2000 Progress Report: Destruction of PCBs, CAHs, CFCs and Organic Nitro/Nitrate Wastes in Soils and Bulk with Ca/NH3 at Ambient TemperatureEPA Grant Number: R826180
Title: Destruction of PCBs, CAHs, CFCs and Organic Nitro/Nitrate Wastes in Soils and Bulk with Ca/NH3 at Ambient Temperature
Investigators: Pittman, Charles U.
Institution: Mississippi State University - Main Campus
EPA Project Officer: Lasat, Mitch
Project Period: February 1, 1998 through January 31, 2001 (Extended to January 31, 2002)
Project Period Covered by this Report: February 1, 2000 through January 31, 2001
Project Amount: $317,027
RFA: Exploratory Research - Environmental Chemistry (1997) RFA Text | Recipients Lists
Research Category: Water , Land and Waste Management , Air , Engineering and Environmental Chemistry
Objective:The major objective is to develop basic knowledge on the use of solvated electron chemistry for possible use as a single, multifunctional, portable technology applicable to both onsite in situ and onsite ex situ destruction of PCBs, CAHs, CFCs, munition/explosive residues, discarded propellants, and chemical warfare agents. The immediate objectives include the complete dechlorination of CAHs in Na/NH3 and Ca/NH3 in the presence of increasing quantities of water, and learning if the reaction of solvated electron with water competes with dechlorination. Another objective is the destruction (complete dechlorination) of PCBs and CAHs in a variety of wet soils. The key goal is to remediate PCB-contaminated and CAH-contaminated soils in the presence of water without excessive consumption of Na or Ca via onsite slurrying of contaminated soil in Na/NH3 or Ca/NH3. Similar reductions of CFCs, nitro compounds both neat and in soils, are being studied.
Progress Summary:PCB- and Dioxin-Contaminated Sludges and Oils. A sample of river sediment from the PCB-contaminated New Bedford Harbor Sawyer St. Superfund site in Massachusetts was washed with diisopropylamine by the RCC B. E. S. T.TM process to give an oil concentrate with a PCB level of 32,800 ppm. Dioxins/furans (TEFs) also were present at 47,000 ppt. The concentrate was treated with Na/NH3. After treatment, the PCB level was only 1.3 ppm, well below regulatory requirements for disposal in nonhazardous waste landfills. Dioxins present also were readily remediated. This study also illustrates that the Na/NH3 process can remove lead, selenium, and arsenic to below detection limits. The metals were removed from the solid matrix during transport of liquid ammonia from the reactor vessel. Metals were recovered from the ammonia recycle unit for fixing and disposal.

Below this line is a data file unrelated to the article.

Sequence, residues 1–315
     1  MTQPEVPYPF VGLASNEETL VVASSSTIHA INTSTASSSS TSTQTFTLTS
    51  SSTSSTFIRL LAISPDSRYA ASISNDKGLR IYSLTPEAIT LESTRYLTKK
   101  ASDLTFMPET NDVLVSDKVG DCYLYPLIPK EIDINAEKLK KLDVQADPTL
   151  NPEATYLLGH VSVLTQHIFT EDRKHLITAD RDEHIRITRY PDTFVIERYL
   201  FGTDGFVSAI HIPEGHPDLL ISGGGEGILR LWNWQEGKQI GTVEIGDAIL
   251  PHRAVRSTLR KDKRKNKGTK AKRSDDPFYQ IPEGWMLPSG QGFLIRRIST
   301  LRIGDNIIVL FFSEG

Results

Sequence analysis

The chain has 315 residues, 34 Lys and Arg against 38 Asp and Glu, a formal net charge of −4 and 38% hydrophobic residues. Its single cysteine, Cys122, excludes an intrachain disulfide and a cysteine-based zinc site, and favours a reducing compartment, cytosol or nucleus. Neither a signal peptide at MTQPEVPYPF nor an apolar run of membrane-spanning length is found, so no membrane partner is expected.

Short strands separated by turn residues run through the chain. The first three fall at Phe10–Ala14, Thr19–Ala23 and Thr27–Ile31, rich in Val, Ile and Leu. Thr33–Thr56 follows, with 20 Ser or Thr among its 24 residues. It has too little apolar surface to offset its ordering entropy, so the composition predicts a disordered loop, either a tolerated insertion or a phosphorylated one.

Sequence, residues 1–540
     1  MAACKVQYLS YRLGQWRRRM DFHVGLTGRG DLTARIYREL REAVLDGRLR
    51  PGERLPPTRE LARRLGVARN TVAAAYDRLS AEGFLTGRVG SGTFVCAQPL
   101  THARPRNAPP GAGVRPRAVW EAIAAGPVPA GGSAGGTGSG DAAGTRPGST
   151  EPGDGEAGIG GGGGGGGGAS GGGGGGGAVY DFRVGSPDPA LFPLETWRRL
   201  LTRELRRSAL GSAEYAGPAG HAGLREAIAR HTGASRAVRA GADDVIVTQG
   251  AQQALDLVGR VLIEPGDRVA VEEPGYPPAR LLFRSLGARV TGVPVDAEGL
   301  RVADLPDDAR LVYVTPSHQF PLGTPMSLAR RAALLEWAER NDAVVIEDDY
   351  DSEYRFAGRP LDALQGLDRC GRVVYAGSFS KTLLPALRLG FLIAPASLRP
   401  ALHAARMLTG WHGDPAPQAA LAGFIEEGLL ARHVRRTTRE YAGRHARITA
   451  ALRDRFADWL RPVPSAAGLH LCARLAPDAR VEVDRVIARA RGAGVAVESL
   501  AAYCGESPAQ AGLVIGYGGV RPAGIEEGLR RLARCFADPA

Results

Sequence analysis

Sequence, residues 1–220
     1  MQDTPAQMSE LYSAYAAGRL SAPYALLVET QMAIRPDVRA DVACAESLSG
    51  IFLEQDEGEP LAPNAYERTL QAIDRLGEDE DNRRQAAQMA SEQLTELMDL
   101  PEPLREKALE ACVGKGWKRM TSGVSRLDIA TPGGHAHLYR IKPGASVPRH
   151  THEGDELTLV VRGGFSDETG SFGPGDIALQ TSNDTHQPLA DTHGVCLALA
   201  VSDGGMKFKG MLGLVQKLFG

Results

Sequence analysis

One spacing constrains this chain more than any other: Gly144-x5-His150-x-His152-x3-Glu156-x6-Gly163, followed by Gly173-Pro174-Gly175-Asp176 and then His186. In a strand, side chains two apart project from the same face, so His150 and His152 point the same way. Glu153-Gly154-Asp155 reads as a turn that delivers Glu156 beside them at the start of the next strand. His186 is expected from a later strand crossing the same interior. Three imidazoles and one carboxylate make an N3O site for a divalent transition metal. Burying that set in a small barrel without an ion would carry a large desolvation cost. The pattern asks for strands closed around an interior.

Decontamination of Oils. Contaminated transformer oils and cutting fluids have been readily remediated using Na/NH3. Oils containing over 20,000 ppm of PCBs have been detoxified to levels below 0.5 ppm. Typically, from 2 to 4 percent wt. Na in liquid NH3 was used. The NaNH3 also was used to remediate dioxins in waste oil from the McCormick and Baxter site in California. Dioxins were reduced to ppt levels.
Treatment of Polyaromatic Hydrocarbons with Na/NH3. Pure samples of polyaromatic hydrocarbons (PAHs) are readily destroyed by solvated electrons in NH3. Oligomeric Birch reduction type products are obtained. These reactions are slower than dehalogenation as was demonstrated by the rapid formation of benzene, toluene, and napthalene in Na/NH3 from their corresponding monochloro derivatives. Chlorine loss takes place before further reduction of PAHs occurs. Soils contaminated with PAHs were remediated to below detection levels. Mononuclear aromatics (benzene, toluene, anisole, nitrobenzene) undergo ring reduction according to the well-known Birch reduction.